In a recent article from Foreign Policy magazine entitled "Eight Ways to Deal With Iran," Stephen Hadley -- a current senior advisor for international affairs at the United States Institute of Peace and former national security advisor to President George W. Bush -- generally offers some valuable strategic advice regarding Iran's nuclear regime.

However, Hadley's "Option 6: Launch a limited, and preferably clandestine military strike" appears flawed in some of its reasoning. Under this option, Hadley states the following:

"To best achieve its objectives: ... 3. As much as possible, any military action should not be clearly attributable to the United States or its ally Israel so as to make it harder for the regime to justify publicly a military response, and thus reduce the risk of Iranian retaliation, and make it harder for the regime to use the attack as a rallying point ...

A word on 'hard to attribute.' It is not that a military strike would not be detected by the Iranians -- of course it would. And the Iranians would undoubtedly believe that the United States or Israel was responsible. But the United States would want to conduct the strike in such a way as to make it as hard as possible for the Iranian regime to establish U.S. responsibility publicly. Although U.S. officials would not publicly deny responsibility for the strike, they would not acknowledge it either -- they would just refuse to comment. This is what was done by U.S. and Israeli officials with respect to the Israeli strike on the Syrian nuclear reactor in 2007. It allowed Syria's President Bashar al-Assad to decide not to retaliate and, hopefully, would in this case make it harder for Iran to justify a major retaliation -- and give Iranian-supported groups like Hezbollah a reason to reject Iranian pleas to conduct retaliatory terrorist attacks on U.S. or Israeli targets."

This is not realistic. Very few militaries have the force projection capacity to engage in effective operations in and around nuclear sites deep inside Iranian territory. Indeed, the United States is likely the only nation (other than a neighboring state, which could conceivably include Israel) that could -- and would wish to -- engage in such actions with a reasonable chance of success. If there is any form of a physical attack on Iranian nuclear facilities, all serious individuals will know that one of two nations -- or a combination thereof -- were responsible for the activities: the United States and/or Israel. To think otherwise is not rational.

Cyber-attacks (e.g., the Stuxnet virus) are much easier to diffuse and confuse in terms of responsibility, primarily because the source activities can be (read: likely are) external (unless domestic operatives are involved) and also because the software expertise available to develop such codes can be reasonably attributed as potentially arising from any number of global state and non-state actors. Such is not the case for a physical (kinetic) military strike. The options for perpetrators are very limited, as noted above. Based on this reasoning, the United States should not rely on the capacity to obfuscate responsibility for any military strikes on Iran. It would not be only "the Iranians [that] would undoubtedly believe that the United States or Israel was responsible," all right-thinking individuals -- especially the media -- would believe this, and they would undoubtedly be correct.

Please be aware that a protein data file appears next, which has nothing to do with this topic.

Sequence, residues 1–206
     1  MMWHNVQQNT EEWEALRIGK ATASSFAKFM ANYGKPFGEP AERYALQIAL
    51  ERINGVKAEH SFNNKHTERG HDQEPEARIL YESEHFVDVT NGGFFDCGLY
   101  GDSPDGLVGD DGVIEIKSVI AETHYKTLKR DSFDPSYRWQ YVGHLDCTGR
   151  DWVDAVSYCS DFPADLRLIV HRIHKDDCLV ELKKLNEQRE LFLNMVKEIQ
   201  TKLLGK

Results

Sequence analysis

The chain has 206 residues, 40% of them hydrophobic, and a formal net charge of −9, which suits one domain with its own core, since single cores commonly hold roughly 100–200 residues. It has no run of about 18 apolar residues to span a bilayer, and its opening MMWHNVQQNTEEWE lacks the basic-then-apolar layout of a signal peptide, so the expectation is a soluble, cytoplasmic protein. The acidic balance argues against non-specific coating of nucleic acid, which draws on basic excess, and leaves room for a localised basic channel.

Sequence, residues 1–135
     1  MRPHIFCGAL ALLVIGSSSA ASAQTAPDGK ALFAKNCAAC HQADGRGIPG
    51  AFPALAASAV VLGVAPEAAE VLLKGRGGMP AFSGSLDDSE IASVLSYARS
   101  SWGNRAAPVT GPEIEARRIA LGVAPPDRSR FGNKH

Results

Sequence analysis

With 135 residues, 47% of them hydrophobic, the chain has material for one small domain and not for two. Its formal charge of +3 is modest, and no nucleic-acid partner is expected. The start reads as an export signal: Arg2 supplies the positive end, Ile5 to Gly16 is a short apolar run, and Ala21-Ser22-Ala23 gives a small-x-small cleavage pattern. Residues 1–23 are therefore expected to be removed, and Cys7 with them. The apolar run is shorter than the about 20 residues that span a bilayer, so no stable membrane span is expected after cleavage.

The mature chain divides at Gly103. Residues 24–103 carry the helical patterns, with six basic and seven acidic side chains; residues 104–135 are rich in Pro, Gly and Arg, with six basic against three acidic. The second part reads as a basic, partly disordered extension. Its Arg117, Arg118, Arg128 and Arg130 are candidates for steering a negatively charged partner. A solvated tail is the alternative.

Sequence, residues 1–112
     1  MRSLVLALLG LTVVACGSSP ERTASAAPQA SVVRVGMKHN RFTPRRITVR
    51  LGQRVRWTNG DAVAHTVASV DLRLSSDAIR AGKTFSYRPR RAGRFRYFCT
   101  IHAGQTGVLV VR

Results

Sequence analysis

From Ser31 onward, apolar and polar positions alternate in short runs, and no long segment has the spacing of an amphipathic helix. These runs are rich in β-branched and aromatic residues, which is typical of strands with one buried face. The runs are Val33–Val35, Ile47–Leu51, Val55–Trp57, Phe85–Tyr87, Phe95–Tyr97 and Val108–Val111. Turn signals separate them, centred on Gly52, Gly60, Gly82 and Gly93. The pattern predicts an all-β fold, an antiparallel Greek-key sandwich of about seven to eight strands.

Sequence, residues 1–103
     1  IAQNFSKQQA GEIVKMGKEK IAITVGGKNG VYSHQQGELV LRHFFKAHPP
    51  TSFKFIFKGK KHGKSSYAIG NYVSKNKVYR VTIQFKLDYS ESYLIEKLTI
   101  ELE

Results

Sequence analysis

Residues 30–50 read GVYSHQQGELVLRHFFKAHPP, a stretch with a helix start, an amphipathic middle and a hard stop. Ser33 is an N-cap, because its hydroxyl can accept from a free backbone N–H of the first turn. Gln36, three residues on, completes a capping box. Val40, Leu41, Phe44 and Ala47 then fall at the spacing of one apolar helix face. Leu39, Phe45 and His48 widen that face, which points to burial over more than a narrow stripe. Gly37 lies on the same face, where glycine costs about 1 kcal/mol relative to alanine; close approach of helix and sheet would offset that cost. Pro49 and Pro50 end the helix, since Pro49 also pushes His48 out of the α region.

Regarding "the Israeli strike on the Syrian nuclear reactor in 2007," the absence of a Syrian response is less plausibly assigned to any lack of proof regarding the cause of the event, and more plausibly to Syria's awareness that it would stand to lose more by any retaliatory measures against who it knew was the source of the attacks than it would stand to gain by any retaliatory attacks (which -- had they been aimed at Israel -- could have brought the United States into the conflict in defense of Israel). To think that regimes such as that of Syria care what can be proven, or not proven, in the court of public opinion seems an undesirable platform upon which to found national security doctrines that apply to other rogue states.

Hadley goes on to state that "to protect Israel from any Iranian retaliation, the United States could privately inform Iran that Israel was not responsible for the strike and that Iran risks a major U.S. military response for any attack against Israel." One would imagine that Iran would sensibly not believe everything the United States told it regarding the source of an attack. Furthermore, since only two nations appear both capable and desirous of such military strikes against Iran, by the US telling Iran that Israel was not the culprit, the US would effectively be admitting guilt to Iran, thereby justifying an Iranian response against the United States.